But the babies, even though I ignored a lot of them, the babies got to me. What had they done? They didn't ask to be born. But here they were, and they deserved and were celebrated by everyone. And it killed me a little to not be able to fully celebrate their births. I understood why and I cut myself some slack about it (since, you know, the newborns wouldn't be aware of my less-than-whole excitement about their births). But it still killed me a little inside.

I didn't know if having a baby would change that for me. I hoped it would, but I wasn't counting on it. But oh my, it DID change in such a big way.

There were a few babies born around the time of gummy's birth or shortly thereafter. I noticed the contrast right away. It thrilled me to receive the birth announcements. THRILLED ME. I am so surprised by it and so incredibly delighted. It's like trying out a new food you're sure you will hate, and you taste it and it's the most delicious thing you've had. ever.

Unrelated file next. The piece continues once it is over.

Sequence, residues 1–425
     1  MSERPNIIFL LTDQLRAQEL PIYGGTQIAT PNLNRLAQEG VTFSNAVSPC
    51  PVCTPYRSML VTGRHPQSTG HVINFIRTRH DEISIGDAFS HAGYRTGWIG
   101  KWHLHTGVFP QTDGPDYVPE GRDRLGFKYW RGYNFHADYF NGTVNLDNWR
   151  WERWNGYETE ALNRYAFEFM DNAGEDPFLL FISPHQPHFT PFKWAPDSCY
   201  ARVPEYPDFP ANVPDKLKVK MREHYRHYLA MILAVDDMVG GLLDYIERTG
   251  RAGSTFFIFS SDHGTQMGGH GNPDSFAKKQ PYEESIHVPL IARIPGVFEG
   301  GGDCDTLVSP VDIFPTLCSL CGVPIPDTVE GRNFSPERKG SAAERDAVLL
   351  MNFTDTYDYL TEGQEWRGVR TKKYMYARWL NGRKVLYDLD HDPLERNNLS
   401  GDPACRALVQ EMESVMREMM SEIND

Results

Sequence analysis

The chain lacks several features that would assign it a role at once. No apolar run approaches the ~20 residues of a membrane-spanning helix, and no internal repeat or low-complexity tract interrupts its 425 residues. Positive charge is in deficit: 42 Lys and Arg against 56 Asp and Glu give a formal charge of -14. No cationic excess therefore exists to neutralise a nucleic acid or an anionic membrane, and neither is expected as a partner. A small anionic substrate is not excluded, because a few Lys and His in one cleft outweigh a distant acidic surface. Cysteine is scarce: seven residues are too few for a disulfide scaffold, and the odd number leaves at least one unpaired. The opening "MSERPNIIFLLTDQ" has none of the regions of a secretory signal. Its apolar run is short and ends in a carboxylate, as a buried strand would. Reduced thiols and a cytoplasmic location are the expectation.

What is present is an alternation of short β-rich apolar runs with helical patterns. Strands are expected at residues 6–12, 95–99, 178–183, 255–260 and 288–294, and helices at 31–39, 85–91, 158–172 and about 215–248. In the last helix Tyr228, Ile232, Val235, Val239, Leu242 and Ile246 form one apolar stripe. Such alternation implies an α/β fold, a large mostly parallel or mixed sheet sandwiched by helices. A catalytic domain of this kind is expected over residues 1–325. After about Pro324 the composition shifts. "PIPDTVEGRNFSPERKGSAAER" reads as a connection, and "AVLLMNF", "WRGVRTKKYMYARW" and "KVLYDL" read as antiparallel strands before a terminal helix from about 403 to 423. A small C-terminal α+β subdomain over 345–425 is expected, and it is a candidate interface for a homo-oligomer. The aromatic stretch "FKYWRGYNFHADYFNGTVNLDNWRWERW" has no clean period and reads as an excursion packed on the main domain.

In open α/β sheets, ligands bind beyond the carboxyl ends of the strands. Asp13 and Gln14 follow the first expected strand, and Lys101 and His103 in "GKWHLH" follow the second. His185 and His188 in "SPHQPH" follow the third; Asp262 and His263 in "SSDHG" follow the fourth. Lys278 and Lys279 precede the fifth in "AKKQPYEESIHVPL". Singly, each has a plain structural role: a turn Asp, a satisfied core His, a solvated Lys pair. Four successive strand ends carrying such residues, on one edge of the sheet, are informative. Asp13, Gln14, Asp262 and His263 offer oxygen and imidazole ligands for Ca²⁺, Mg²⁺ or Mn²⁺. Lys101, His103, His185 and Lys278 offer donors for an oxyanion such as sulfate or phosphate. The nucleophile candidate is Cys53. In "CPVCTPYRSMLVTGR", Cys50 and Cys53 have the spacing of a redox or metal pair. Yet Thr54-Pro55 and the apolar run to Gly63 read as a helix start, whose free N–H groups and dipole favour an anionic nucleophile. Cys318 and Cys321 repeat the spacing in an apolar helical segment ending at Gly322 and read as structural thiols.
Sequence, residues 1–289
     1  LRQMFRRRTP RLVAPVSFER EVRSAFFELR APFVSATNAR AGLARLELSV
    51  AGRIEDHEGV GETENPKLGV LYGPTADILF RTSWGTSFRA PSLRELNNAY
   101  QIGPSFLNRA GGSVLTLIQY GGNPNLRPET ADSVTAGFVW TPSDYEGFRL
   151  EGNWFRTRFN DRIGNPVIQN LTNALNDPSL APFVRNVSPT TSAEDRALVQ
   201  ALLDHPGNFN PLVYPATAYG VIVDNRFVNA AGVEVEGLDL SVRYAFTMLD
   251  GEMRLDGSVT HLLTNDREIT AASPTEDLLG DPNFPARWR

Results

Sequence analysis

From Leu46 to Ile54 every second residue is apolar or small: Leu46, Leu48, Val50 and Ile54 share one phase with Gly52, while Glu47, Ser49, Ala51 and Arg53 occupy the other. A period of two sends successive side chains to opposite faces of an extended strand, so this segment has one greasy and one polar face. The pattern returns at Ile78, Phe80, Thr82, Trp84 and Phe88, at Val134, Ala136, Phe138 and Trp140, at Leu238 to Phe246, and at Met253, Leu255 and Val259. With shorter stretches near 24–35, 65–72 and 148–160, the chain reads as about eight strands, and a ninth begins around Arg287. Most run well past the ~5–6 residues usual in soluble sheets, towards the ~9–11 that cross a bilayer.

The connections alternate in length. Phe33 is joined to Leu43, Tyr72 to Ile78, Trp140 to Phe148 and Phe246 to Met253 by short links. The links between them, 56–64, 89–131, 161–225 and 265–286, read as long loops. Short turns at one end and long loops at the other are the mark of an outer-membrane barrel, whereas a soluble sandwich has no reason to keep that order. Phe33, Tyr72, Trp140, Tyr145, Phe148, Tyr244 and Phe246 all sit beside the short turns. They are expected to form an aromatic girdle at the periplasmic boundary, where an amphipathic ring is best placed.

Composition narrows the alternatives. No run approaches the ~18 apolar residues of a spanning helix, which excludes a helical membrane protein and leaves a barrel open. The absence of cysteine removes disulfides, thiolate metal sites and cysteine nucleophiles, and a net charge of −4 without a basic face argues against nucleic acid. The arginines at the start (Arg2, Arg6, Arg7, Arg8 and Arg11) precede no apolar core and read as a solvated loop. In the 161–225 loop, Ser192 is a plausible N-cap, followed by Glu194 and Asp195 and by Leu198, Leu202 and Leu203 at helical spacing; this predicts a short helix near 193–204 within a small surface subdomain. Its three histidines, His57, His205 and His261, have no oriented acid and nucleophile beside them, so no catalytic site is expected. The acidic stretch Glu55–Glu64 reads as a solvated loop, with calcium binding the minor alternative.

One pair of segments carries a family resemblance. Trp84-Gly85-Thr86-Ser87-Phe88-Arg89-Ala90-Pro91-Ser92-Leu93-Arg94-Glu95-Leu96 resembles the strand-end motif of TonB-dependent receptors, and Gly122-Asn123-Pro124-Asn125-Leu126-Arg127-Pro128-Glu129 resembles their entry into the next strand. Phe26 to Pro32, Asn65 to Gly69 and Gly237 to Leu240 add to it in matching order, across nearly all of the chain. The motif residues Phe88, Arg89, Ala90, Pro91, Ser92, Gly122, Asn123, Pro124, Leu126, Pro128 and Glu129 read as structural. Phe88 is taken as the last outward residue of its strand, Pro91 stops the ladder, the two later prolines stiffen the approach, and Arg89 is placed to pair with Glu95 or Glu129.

It hit me last week, when I went for a walk with another Augusta. She and I know each other through Mr. A, but not very well at all. We were in the same prenatal yoga class in the fall, and were always friendly towards each other. On one of the many monitoring visits to the hospitals in the 2 weeks before gummy's birth, we met her and her husband in triage. She was coming in to be induced. We were being sent home to wait a little longer for our induction. I couldn't stop thinking of her for those days after we saw them.

Augusta and I (she goes by Augie and I go by 'Gusta) connected over email and went for a walk together last week. It was a glorious spring day, and it was a wonderful walk. I enjoyed her company so very much. The line between fertile and infertile didn't matter as much. We were both new mothers, walking our darling girls in their strollers on a spring day. Her sweet girl is so beautiful (and in an uncanny way, she and gummy look like twins). As we walked, we saw a patch of snow drops with some purple crocuses amidst them. We stopped to admire the flowers and let their beauty, and that of the day and our new motherhood fill our hearts.

Then, the other Augusta said: "It's like the flowers are celebrating our babies' birth."

And I couldn't agree more.*

borrowed from www.puddle-cottage.co.uk
   

*And I am so relieved that my heart is showing signs of not being completely embittered by the experience of infertility.